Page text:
The Feb edition of The Lancet, ran an editorial calling on physicians and architects to lay the foundation for improved health in the urban setting. The complete article is available freely HERE
This is one more link in the chain of argument started by Michael Marmot who looked at civil servants in the UK starting in the 70’s. His work in this area, now collectively known as the White Hall Studies clearly and elegantly documented the relationships between social status and health. His famous 10 year study of British civil service workers found that the lowest class workers (doormen, messengers etc.) had mortality rates three times that of the highest social class of administrators. Unsurprisingly, smoking, obesity, sedentarism, and high blood pressure were more common in the lower classes, but even when accounting for these risk factors, the lowest class developed complications of CHD over 2 times more than the highest class over the decade of the study.
Many theories were postulated to explain this finding, and in the ensuing decades the picture of what determines health has become even more fuzzy. It turns out that pollution, noise, social inequality, your neighbourhood, unemployment, and a host of other factors impact on our health. This too would not surprise too many MDs. However, what is surprising to all of us, is just how “off the radar” such issues are, and how man made they are at the same time.
The UK is the birthplace of population models of health, and of social determinants of health; and It is not surprising that they set the pace in promoting healthier populations through better urban design. What I find most compelling though is that the article was a lead editorial in one to the leading medical journals of the land, and it will be interesting to see the response of the medical community. This is, after all a lateral attack on the health industry: a domain that was, once upon a time, all biomedical, and has only in recent years flirted uncomfortably with behavioural issues (cigarettes, obesity, diet, exercise, etc.). As a group, us docs have had a hard time figuring out how to deal with behavioural issues, but perhaps that struggle will prepare us all the more to accept urban design as yet another important determinant of our patient’s health.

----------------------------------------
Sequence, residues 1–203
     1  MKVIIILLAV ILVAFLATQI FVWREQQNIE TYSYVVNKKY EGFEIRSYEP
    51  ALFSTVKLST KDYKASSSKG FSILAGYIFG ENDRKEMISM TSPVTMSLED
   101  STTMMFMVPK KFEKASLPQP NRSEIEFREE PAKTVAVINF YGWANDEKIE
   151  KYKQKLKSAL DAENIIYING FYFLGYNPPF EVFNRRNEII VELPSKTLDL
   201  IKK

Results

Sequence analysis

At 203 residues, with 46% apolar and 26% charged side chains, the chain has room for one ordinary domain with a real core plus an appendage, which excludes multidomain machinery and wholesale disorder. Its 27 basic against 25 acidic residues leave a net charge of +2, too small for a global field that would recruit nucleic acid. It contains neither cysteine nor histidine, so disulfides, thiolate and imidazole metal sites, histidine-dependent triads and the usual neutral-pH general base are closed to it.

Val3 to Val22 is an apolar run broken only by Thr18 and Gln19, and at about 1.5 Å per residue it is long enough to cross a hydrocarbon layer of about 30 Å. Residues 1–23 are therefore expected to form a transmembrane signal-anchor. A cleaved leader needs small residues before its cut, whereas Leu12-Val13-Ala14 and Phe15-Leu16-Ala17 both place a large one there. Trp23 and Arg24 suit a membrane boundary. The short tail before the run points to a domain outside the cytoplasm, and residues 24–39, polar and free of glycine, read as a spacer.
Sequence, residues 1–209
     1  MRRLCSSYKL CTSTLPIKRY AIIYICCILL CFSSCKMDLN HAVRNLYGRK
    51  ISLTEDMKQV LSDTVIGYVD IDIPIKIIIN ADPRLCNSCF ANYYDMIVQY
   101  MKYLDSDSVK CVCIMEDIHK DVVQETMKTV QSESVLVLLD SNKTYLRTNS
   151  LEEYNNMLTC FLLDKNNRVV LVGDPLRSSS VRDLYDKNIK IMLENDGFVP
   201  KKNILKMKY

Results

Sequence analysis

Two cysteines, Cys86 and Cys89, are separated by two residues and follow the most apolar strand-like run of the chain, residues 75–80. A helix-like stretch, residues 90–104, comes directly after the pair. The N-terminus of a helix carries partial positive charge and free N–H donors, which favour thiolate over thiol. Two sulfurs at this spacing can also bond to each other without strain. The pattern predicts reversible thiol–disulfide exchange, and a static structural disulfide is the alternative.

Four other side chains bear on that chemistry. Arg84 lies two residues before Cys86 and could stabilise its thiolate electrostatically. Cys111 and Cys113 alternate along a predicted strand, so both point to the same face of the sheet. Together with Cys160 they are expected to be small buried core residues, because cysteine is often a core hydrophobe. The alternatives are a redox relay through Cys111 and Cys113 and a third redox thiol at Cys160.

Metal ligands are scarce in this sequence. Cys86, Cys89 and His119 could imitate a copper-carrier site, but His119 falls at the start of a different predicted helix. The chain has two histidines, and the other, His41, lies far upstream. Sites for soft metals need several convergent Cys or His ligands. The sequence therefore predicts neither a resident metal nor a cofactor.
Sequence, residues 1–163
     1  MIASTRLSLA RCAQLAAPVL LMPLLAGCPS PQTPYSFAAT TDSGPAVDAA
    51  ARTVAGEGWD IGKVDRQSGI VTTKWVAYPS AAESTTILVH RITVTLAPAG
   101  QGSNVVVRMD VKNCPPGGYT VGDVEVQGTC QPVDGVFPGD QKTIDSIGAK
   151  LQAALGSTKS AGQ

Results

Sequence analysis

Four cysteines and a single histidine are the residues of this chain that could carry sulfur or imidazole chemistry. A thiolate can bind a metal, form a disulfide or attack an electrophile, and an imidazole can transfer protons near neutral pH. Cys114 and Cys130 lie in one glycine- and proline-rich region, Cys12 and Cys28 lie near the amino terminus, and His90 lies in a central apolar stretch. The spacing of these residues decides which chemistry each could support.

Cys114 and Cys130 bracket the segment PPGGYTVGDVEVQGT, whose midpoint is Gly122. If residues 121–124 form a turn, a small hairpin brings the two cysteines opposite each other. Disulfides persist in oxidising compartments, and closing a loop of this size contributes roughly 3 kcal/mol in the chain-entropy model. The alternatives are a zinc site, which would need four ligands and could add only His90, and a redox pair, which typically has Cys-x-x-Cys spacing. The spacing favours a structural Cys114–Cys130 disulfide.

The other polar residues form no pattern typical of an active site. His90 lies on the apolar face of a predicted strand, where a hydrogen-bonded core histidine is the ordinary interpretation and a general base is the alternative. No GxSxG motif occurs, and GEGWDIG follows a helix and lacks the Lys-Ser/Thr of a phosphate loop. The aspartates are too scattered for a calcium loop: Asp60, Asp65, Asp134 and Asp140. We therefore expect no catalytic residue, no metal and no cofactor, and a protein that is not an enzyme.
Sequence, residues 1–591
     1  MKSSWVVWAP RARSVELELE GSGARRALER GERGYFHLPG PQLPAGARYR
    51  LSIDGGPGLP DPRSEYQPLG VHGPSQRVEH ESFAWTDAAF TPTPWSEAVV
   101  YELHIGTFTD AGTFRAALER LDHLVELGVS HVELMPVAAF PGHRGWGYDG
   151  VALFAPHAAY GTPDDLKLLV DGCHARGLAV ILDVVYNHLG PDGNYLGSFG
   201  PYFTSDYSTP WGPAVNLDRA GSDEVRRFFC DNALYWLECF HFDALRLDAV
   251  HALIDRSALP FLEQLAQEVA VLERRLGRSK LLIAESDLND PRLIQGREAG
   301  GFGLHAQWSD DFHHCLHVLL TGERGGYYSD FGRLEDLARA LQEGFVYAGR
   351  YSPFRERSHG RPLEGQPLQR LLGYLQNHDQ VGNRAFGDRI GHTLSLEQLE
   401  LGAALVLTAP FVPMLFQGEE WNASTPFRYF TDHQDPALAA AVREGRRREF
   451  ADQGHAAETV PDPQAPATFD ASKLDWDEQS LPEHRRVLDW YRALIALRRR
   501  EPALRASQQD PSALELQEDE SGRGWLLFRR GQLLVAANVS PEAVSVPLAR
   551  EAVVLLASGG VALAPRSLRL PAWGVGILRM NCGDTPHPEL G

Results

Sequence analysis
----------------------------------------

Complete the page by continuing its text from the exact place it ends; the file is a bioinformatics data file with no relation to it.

There is a silver lining hidden in this story, and the editorialist underscores this by calling on architects and physicians to mobilize together for healthier communities. Health is so complex that great success requires that it become a priority for professionals, and bureaucrats at all levels of the society.
Ahhh … (hugh sigh of relief). Health promotion is not our job after all – it is everybody’s job. Thanks to the the UK and the Lancet for reminding us to think outside our box.